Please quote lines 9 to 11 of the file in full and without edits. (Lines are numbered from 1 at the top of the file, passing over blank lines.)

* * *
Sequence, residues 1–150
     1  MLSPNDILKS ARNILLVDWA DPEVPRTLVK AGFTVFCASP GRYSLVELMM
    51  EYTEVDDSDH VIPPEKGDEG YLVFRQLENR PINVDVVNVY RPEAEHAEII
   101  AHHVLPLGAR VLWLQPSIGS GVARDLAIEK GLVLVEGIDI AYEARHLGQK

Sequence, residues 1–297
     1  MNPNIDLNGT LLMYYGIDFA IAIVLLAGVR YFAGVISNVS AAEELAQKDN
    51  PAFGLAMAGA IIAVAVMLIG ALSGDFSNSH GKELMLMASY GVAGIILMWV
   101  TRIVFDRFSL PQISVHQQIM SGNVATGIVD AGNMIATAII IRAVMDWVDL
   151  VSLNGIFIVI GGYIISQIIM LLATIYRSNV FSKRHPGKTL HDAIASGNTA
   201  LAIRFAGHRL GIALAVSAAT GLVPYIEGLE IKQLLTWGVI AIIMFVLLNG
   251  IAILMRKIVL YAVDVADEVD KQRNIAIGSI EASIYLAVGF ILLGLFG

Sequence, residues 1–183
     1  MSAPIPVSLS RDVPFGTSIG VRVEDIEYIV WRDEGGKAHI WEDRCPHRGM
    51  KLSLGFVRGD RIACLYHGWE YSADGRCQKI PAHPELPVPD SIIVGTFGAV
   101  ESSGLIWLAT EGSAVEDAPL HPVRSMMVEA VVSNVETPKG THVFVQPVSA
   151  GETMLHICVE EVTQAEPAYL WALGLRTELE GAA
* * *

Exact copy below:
   151  VSLNGIFIVI GGYIISQIIM LLATIYRSNV FSKRHPGKTL HDAIASGNTA
   201  LAIRFAGHRL GIALAVSAAT GLVPYIEGLE IKQLLTWGVI AIIMFVLLNG
   251  IAILMRKIVL YAVDVADEVD KQRNIAIGSI EASIYLAVGF ILLGLFG